Inswinger vs outswinger
A common question people asked around zonal marking was ‘what changes between inswinging and outswinging deliveries?’. The answer is quite simple in that it simply affects the height of the zonal structure as a result of the flight of the ball. Here we can see an example of Liverpool defending against an outswinger (top) and inswinger (bottom). Outswingers obviously swing away from goal, and so the shape of the zonal structure now mirrors this in that it gets further from goal the longer it gets. The front post near zone along the line doesn’t need to be occupied, as an outswinging delivery cannot access this area well at all without going out. The inswinging delivery can, and so this zone is now occupied. The shape naturally pushes higher also, as outswingers send the ball deeper and so zonal players have to push outside the six-yard box to be effective. This is a common downfall for some zonal marking teams, as they can often get their height wrong which leads to goals being conceded. These examples also show us Liverpool’s more man-oriented blocking approach in the second line, as well as showing how Liverpool’s high line from outswingers allows them to catch most flick ons offside, as they do here with Son at the back post.
Second phases and short corners
A general advantage to zonal structures is their ability to deal with second phase attacks, in that the structure remains organised regardless of the opposition’s movements. If executed properly, the structure in the first phase should be roughly the same in the second phase, and so key zones should be covered and attackers can’t become isolated. With man marking, players can move around anywhere the opposition takes them, and so your second phase structure is somewhat random. We can see an example here where Liverpool’s second phase structure remains organised in regimented lines during the second phase, and so players can organise pushing out quickly and maintaining spacing well. The spaces that can be exploited are generally the same ones that can be exploited from the first phase, and so it is possible to still score of course, but it makes second phases less chaotic.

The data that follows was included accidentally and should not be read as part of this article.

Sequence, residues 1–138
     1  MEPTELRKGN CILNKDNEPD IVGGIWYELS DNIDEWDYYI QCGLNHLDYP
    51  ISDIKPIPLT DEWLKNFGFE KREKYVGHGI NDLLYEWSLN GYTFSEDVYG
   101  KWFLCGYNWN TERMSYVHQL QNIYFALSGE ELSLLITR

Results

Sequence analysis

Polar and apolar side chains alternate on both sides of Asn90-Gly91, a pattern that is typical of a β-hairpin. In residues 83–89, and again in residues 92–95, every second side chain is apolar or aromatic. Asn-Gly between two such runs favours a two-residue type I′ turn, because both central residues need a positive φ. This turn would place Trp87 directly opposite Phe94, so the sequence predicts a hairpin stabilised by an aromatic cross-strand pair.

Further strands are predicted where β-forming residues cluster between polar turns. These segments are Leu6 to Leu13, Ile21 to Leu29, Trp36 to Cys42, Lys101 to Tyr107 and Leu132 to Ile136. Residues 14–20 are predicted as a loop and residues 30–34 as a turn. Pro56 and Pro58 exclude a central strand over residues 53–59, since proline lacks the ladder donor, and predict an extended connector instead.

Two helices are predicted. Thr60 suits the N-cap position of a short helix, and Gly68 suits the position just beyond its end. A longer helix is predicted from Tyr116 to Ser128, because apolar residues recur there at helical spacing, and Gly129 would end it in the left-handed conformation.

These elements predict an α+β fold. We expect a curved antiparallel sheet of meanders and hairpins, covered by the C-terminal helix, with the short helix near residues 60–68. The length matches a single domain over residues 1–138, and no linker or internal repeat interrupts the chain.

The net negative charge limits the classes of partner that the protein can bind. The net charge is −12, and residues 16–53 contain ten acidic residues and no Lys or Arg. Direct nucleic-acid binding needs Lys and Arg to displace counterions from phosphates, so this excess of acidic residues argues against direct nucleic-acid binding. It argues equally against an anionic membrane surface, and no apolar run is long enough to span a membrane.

Short corners can be reacted to in different ways by zonal systems, and the usual question I ask when analysing an opposition team is how their zonal structure reacts when a corner is played short. Some teams will commit their near post zonal player short and force the rest of the zonal line to shift across, and this of course reduces the overall coverage of the zonal system. Other teams don’t adjust their zonal structure, and instead send a player from the edge of the box or a man marker to press across. Liverpool only send one player across from the edge of the box, and almost use their zonal line pushing out as an extra defender. We see they execute this against Manchester City, where they don’t stop the cross but still have a compact structure to defend. They are also able to push very high up quickly due to the organised structure, and so this eliminates the 2v1. The largest space is seen between Alexander Arnold and the far central player, but this is difficult to access and Virgil Van Dijk is nearby.
Attackers will often commit short by making runs from inside the box, and these can also be used as decoy runs against structures that use zonal players to react to short corners. We can see a very good example of this below from Manchester City Women. They commit a player short from inside the box and West Ham react by moving the far front post marker with the short player. This space is therefore vacated.
City don’t play the short corner, and instead then make a run into that space vacated by the zonal marker. Zonal coverage is reduced, and so they can win the first contact and score. This is the main weakness behind using zonal players to defend against short corners.
Attackers also often move higher to get in amongst zonal structures, and teams are left with the choice of do they mark them or not? Marking these players reduces coverage of deeper runners, however it does help to try and prevent blindside runs ahead of a zonal marker being made, which is also often another cause of goals conceded by a zonal system.
Key coaching points
I have covered some of the key coaching points already while outlining systems, but here is a bullet pointed list of key ideas when zonal marking:
- Maintain optimal spacing between zonal players